“The super-cycle ain’t over, China is still buying, demand for commodities hasn’t tapered off, it’s even higher than it’s ever been,” Glasenberg told Bloomberg on Thursday.
“The demand is pretty good. We’ll grow.”
He further flagged the possibility that Glencore could pursue acquisitions – with BHP’s plans to divest its Illawarra Coal metallurgical coal mines not escaping attention.
“Glencore has been mentioned as a possible suitor for the yet-unnamed company being spun out of BHP, which will have a range of assets including nickel assets in South Africa and Colombia, South African and Australian thermal coal operations divisions and the Cannington lead and silver mine located in Queensland,” the newswire reported.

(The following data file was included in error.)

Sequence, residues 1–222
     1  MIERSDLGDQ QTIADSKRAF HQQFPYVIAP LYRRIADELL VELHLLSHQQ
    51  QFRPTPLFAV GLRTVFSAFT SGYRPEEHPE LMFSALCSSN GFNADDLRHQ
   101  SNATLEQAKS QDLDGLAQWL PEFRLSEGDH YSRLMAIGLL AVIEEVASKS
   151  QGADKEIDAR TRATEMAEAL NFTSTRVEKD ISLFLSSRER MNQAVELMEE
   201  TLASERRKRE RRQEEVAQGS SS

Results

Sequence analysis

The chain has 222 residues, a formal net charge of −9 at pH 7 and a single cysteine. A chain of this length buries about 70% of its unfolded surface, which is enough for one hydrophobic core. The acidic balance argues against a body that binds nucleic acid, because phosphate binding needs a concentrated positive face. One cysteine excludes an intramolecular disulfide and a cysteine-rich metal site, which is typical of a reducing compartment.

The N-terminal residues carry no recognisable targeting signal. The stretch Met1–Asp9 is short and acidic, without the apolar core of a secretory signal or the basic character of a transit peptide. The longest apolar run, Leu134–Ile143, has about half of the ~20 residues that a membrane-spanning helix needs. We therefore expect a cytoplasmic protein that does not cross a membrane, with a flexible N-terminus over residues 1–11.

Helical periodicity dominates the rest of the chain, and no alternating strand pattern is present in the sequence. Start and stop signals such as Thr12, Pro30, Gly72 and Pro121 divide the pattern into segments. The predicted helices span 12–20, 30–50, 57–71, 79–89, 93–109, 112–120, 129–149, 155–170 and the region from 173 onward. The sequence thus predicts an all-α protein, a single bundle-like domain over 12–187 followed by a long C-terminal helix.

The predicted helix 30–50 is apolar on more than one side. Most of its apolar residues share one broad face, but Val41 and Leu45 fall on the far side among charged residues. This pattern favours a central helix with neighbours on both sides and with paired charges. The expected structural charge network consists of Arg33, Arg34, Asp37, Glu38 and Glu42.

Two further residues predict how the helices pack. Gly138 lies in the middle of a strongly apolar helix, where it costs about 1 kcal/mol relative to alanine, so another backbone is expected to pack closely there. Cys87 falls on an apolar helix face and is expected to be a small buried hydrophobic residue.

Despite signalling that it could pursue acquisitions, Glencore launched a $US1 billion ($A1.08 billion) buyback of its shares.
The commodities giant’s adjusted net income was $2.01 billion for the first six months of 2014 – up 6% year on year.
Glasenberg’s confidence in China comes despite lower industrial output in the country, weaker commodity prices there amid its declining property markets and the uncertainty emerging from the unravelling of various Chinese commodity financing deals over past months.